Our group is focusing on the element of identity from the perspectives of People of Color (POC,) a subgroup of the 99% Movement. The obscure nature of race and differences comes into play in the self-identification of the group through social media. We specifically focus on how the movement defines the term, “color.” Having a better understanding about the definition of “color” can help us reveal the figure of hegemony hidden in our society.Texts are taken from the official blogs and micro-blogs of the POC movement. These sources reflect the most contemporary views which directly represent the movement from within. People of Color is a sub-unit group of the Occupy movement and a group devoted to “developing critical consciousness” within the 99% movement ( and to equalize the imbalance of representation. By looking closely at how “people of color” are defined, we can gain a closer glimpse of how classical formations of race and differences are presented through discourse in American society. POC’s efforts to bring greater representation to people of color offer an underlying understanding to the tensions found in economic inequality and the overall 99% Movement. The movement’s efforts in challenging the power differences ultimately reveal a socially constructed hegemonic relation between those of distinct social classes and races. Identifying these groups lends an actionable framework around which groups can organize. These are similar premises to those around which sports teams operate. Essentially, in-group members of a socio-economic minority group self-characterize by reproducing hegemonic structures of social and race-based stratification. The POC differentiates in-group and out-group through broad self-representation as vicitimized and a specific representation of the out-group through stereotype.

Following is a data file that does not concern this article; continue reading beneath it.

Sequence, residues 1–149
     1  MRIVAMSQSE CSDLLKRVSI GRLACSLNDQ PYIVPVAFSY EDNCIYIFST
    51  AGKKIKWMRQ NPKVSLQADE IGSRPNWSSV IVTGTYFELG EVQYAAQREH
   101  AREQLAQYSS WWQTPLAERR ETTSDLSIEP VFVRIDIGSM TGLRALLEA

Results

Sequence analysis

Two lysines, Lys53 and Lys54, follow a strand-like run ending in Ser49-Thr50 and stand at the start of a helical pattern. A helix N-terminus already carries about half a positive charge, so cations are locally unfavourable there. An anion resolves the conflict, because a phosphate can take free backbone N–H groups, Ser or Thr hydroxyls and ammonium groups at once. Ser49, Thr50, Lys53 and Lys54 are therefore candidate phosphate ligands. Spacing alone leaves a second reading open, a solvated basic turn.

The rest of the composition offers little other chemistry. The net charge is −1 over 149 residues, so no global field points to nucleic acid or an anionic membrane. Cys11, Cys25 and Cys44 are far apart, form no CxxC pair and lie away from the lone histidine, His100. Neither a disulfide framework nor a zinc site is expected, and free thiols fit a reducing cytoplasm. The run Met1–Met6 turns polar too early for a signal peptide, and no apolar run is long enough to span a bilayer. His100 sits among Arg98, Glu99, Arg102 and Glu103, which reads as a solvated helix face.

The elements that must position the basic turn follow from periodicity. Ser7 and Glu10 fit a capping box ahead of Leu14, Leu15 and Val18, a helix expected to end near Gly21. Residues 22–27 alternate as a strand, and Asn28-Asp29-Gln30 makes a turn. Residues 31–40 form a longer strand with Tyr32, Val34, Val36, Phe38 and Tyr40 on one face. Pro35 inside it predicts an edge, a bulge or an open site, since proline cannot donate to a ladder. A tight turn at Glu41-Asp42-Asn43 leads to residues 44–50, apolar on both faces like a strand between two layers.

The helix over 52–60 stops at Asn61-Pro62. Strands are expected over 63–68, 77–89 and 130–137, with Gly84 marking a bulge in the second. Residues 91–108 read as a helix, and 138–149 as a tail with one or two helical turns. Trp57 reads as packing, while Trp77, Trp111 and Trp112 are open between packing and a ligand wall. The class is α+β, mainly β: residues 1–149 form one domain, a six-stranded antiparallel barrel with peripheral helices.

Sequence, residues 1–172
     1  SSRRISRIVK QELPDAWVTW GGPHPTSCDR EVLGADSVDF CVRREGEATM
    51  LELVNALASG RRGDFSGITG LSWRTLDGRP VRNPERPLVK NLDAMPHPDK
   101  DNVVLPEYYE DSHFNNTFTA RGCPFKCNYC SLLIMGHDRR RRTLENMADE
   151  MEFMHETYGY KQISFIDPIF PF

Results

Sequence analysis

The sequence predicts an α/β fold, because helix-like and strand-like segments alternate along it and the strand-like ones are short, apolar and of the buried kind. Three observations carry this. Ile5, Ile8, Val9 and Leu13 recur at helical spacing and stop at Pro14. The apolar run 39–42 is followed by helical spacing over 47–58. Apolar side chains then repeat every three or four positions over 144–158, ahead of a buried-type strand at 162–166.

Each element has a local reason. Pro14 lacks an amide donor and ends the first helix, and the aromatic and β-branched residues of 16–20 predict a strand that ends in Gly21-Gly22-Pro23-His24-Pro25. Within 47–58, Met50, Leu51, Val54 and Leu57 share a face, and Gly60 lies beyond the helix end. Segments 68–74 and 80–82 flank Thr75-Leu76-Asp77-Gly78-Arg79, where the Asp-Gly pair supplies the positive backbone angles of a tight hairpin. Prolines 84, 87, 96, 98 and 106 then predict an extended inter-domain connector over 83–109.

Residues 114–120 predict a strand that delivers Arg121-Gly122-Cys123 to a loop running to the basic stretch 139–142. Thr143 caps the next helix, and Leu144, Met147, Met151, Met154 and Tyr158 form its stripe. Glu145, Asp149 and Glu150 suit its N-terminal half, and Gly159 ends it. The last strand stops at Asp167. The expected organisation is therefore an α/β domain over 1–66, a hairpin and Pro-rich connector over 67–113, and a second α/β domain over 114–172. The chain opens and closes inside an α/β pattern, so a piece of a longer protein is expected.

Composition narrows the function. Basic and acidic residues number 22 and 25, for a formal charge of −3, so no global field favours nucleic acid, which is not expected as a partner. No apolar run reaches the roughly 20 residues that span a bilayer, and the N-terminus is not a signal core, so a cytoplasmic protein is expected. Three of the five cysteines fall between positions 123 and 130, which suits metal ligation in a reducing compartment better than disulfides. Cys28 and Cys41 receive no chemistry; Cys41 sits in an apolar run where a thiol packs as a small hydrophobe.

This analysis will take a qualitative approach at analyzing discourse, reviewing first the methods used to extrapolate upon the aforementioned theories and hypothesis. Then a detailed analysis will be presented that draws upon key patterns and findings which led to the formation of this social theory.

II. Method

The corpus that is the subject of this analysis is comprised of messages and discussions, or posts, taken from the official social media web-sites of the People of Color Occupy movement. These include the POC Tumblr blog, the POC Working Group Twitter micro-blog and the POC Working Group Facebook page. Additionally, articles from outside sources posted by activists to their social media web-sites were included as representing activist discourse. The posts from these respective sites are organized in chronological order. Posts are taken from within the dates of October 3, 2011 and December 31, 2011. These dates reflect a time when activist organizers were generating texts most vigorously. Facebook, Twitter and Tumblr play a vital role in how we gain access and view events in the world, and the occupy movement has been vastly portrayed through social media sites.  It has made the movement easier to follow and it can help people collaborate with people across the nation and the world. The social media genre is one of the only ways of studying a minority in-group perspective on the Occupy movement, though it is perhaps the best and most representative of the direct voices of all activists in the movement as discourse in such media is generated by all members of the group regardless of leadership status. Texts are compiled in a 33,28-token corpus with a Token/Type ratio of ~.16. Roughly 160 posts or articles combined comprise the corpus.